I wasn’t fine. I started with a lawn chair a safe distance away from our lighting zone. I winced when I held my first sparkler, cringed when the first spark touched my skin. I even jumped a little when one of the snakes started growing. In my head, I knew it was harmless; my heart told me otherwise. I couldn’t figure out what was going on. Our child saw every reaction and started to mimic my responses.
We started small, and the bigger fireworks were left until the end of our time outside – for the “finale” of course. Some of the fireworks did what we expected. Some did not. One went much higher than we were prepared for and “flew”. I moved my chair back. My kid moved back further.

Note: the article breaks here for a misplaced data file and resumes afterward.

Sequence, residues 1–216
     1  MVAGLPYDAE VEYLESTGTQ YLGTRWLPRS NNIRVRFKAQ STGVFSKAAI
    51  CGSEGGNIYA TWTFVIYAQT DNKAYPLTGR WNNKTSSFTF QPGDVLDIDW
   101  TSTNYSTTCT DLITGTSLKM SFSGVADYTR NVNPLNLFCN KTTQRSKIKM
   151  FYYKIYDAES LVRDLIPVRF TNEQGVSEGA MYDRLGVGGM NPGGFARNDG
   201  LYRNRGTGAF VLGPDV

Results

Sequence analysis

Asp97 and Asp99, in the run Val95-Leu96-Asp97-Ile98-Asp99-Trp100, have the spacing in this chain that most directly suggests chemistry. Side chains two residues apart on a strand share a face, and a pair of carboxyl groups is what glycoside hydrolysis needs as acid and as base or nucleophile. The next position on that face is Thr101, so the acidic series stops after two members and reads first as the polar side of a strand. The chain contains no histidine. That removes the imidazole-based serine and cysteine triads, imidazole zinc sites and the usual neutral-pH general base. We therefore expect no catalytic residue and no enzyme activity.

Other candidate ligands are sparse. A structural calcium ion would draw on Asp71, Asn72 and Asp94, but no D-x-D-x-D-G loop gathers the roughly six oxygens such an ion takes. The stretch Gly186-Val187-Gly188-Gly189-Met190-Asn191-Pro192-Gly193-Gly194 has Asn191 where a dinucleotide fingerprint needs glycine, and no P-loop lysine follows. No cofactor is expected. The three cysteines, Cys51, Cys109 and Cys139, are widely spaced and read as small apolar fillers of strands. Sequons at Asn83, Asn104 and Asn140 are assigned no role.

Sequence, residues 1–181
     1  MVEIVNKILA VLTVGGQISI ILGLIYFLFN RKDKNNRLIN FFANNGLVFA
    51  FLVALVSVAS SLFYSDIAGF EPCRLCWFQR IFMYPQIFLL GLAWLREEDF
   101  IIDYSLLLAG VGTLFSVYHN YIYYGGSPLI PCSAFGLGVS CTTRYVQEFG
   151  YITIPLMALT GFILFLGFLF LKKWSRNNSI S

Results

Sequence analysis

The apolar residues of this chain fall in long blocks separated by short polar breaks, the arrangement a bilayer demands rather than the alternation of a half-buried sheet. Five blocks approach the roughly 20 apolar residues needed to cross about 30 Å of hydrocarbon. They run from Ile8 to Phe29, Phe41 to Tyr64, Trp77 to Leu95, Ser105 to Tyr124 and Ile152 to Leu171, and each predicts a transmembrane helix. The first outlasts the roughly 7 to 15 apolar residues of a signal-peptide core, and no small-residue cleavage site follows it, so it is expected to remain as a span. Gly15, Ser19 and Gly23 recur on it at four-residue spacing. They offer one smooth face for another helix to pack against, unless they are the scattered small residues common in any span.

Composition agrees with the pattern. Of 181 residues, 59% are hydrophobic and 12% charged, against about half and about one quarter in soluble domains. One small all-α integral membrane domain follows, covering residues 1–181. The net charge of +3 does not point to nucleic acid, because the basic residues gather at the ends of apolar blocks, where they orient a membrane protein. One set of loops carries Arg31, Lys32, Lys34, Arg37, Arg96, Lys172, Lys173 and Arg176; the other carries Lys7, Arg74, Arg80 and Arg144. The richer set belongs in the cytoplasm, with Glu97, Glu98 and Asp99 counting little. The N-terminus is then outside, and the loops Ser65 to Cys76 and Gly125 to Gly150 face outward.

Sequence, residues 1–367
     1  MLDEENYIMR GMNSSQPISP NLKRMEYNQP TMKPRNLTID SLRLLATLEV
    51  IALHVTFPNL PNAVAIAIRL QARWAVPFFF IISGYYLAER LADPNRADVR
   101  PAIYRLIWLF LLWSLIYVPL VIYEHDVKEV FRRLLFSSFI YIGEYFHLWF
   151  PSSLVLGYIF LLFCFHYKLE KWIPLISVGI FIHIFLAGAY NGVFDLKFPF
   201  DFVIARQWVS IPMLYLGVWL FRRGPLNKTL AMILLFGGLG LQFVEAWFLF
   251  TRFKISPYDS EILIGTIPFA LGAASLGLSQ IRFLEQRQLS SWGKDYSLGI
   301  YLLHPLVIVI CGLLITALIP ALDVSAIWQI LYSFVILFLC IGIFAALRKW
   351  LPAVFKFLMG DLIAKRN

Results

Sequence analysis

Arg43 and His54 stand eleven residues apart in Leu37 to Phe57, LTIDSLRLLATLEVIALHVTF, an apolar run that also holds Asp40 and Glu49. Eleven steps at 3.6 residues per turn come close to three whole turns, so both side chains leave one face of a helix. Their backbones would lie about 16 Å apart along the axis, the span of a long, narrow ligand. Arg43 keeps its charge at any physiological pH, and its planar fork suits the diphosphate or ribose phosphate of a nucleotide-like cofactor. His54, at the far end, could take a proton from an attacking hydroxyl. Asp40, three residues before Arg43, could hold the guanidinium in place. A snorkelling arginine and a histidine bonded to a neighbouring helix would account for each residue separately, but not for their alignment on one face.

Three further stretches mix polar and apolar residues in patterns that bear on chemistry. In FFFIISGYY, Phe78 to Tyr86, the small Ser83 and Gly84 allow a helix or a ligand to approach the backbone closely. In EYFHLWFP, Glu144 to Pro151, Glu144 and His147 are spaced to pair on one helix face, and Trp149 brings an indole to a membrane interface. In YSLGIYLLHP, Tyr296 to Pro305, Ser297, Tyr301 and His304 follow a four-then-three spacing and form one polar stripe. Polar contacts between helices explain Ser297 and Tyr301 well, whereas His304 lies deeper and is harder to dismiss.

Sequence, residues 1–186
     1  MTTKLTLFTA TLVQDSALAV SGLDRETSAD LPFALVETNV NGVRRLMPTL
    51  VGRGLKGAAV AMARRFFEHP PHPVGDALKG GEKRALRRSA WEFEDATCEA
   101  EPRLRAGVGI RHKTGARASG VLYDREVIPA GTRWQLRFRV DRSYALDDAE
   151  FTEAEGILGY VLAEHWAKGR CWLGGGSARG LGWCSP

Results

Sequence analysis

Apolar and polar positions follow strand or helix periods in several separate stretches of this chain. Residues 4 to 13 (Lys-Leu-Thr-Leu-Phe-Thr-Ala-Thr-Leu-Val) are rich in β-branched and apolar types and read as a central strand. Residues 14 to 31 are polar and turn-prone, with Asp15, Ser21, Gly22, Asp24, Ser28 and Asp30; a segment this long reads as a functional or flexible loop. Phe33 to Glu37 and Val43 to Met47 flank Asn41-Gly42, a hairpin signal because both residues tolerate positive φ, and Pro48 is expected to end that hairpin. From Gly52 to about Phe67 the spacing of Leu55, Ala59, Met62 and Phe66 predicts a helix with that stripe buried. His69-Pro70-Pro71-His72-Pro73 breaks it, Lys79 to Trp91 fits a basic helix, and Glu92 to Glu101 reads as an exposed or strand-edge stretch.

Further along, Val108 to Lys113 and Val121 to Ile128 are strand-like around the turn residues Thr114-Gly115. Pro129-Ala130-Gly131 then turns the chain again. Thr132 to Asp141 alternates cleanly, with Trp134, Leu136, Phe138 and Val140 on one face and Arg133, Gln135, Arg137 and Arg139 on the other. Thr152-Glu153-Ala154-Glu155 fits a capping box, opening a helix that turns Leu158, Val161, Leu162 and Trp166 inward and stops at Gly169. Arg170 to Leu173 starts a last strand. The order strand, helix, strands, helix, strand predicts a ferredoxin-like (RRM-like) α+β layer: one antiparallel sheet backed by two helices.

By the time our “show” was over, we were WAY farther back than where we started. At least two of us were much more comfortable and even willing to say that we had fun! But then I realized something. I realized that there was an image in my head that I just couldn’t get rid of.
I kept seeing firetrucks, low hanging clouds, a bunch of smoke, people running up a hill, more firetrucks, an ambulance coming through a crowd, more smoke, picnics disrupted – a scene of chaos. It was the fireworks display in Hales Corners, Wisconsin, sometime in the 1980s. The winds were either too strong or non-existent (I can’t remember), and a person was hurt badly by a firework. I honestly can’t remember if he lived or died. I just know that I can feel that memory in the very core of my being. I’m pretty sure this is why I don’t like setting off fireworks.
Decades later, with the setting completely different, the magnitude of fireworks completely different, me completely different, I am still remembering that sobering moment.